“Not one of you has spoken to any of the staff members that this affects, and not one of you had the courtesy to talk to me,” Gardner told the two commissioners.
Sakievich acknowledged that he “should have” reached out to the clerk/auditor’s office but said he was “pulled away” by other issues and obligations.
“But I see a need to have a synergy … within the county commission and the budgeting process,” the commissioner said. “The budgeting process belongs to the commission and is supposed to be handled directly by the commission.”
Sakievich said he put the item on the meeting’s agenda over frustration of a lack of communication between the auditor’s office and the county commission regarding budget questions and said there is a “structure issue” with the budget manager not reporting directly to the commission.
“We have kept the county commission separate from the direct budgetary responsibilities for years,” he said.
Sakievich and Lee both pointed to a 2012 state law allowing county governing bodies to determine who the budget officer is.
While Gardner acknowledged that the legal opinion that the commission could determine the budget officer was “very solid,” she added that “good government happens when sunshine is in the room.”
“The best disinfectant is sunshine, and good government happens in transparency, not in the dark shadows,” she said.
Utah County Budget Manager Rudy Livingston spoke in opposition to the staffing plan change, noting that he felt like the commissioners were treating him “as a pawn and not as a professional.”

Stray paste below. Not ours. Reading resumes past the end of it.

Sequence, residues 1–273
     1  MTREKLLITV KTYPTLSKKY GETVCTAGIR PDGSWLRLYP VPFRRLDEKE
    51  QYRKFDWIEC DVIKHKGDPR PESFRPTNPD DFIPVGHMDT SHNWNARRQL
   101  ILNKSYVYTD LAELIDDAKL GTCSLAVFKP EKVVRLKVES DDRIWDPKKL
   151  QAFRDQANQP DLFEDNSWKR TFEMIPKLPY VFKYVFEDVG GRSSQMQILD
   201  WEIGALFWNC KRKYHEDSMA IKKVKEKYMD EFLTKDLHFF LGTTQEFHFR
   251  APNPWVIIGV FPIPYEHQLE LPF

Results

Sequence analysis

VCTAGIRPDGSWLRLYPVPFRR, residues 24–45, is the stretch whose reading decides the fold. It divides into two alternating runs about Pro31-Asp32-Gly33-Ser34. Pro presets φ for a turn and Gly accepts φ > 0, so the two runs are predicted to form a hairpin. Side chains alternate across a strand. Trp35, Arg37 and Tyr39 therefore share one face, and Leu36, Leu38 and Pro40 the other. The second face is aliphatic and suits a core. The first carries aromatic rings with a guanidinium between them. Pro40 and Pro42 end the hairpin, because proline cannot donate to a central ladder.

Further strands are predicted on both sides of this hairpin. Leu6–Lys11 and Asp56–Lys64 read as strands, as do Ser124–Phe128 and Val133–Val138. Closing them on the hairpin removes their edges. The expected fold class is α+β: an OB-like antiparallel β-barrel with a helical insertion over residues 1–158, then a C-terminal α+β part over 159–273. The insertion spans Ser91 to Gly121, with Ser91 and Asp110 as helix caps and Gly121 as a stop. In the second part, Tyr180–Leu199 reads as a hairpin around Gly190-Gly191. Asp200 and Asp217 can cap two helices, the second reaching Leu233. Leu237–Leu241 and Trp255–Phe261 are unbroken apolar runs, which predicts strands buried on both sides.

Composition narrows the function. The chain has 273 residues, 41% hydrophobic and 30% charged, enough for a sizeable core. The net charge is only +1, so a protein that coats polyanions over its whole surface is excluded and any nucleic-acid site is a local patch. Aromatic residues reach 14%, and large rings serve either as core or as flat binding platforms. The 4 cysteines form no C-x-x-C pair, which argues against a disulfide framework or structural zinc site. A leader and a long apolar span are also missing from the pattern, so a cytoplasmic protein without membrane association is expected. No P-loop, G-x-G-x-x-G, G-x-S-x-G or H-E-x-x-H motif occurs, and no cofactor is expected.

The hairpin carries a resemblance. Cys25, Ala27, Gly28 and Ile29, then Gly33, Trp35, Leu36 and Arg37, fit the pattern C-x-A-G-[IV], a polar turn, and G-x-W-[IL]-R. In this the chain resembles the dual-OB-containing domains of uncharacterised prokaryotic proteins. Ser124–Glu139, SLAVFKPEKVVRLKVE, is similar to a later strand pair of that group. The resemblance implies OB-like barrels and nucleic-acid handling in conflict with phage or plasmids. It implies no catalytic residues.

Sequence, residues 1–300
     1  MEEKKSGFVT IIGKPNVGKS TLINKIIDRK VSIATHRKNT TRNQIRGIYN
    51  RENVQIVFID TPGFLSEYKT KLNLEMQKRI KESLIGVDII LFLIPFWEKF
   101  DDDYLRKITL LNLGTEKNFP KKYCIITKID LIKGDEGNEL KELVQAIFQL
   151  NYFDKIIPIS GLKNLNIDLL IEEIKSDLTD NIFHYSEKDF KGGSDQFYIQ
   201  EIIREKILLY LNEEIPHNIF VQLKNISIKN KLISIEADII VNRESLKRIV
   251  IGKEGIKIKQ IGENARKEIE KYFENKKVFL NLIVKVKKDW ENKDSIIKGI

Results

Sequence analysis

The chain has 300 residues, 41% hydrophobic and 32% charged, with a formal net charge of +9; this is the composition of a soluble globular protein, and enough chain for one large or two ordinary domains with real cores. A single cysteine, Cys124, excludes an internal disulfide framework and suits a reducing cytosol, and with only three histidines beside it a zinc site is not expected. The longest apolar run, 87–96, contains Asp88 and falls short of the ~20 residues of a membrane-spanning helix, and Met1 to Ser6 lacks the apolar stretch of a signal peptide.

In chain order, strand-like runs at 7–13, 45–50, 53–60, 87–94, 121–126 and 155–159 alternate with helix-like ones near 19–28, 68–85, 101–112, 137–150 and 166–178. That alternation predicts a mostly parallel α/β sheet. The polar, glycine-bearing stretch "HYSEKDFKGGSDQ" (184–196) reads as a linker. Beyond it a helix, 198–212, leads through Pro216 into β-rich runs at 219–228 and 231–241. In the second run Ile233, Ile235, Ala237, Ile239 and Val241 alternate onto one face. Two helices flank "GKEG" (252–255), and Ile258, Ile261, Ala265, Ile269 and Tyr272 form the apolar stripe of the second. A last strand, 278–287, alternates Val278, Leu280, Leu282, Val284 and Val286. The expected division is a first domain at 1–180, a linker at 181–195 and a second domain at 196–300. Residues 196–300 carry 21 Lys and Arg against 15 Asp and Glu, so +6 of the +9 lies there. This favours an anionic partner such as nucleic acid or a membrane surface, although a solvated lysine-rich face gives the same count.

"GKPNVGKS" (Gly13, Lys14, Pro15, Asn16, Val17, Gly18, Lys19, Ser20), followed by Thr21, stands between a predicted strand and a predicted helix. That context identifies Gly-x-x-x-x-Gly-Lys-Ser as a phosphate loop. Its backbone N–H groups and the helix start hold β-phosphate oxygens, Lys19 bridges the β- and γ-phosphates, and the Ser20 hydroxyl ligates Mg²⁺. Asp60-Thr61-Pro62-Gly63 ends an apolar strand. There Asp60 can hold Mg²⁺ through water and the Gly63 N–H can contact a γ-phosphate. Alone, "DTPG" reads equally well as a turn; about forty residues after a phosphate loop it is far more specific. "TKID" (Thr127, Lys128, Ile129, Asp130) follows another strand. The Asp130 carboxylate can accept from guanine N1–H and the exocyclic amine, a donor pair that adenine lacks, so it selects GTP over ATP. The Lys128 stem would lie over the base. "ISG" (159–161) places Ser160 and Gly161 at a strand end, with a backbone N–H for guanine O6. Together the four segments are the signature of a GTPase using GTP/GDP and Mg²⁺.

“I’m honored that you would think me worthy of being appointed as the budget officer for the county,” said Livingston. “However, I am opposed to the erosion of the separation of powers that I see here. I’m bothered by a lot of things. I was not told about this move but found out about it when it was submitted about 15 minutes before the agenda was posted.”
He continued, “Everything was done behind closed doors, and that’s not right.”
Livingston objected to Sakievich’s claim that the auditor’s office hadn’t provided budget information to the commissioners.
“I don’t believe that’s true,” he said. “And I’ll tell you why, because this year, neither Commissioner Lee nor Commissioner Sakievich has contacted our office for budget questions, discussions of any kind of budget or financial advice, or to provide direction.”
Livingston, who the commission voted on Wednesday to name Utah County Budget Officer working under the governing body, said he was “offended that the commissioners obviously believe that I will perform my duties differently under the direction of the commission than … I would under the direction of the Financial Services of (the) clerk/auditor.”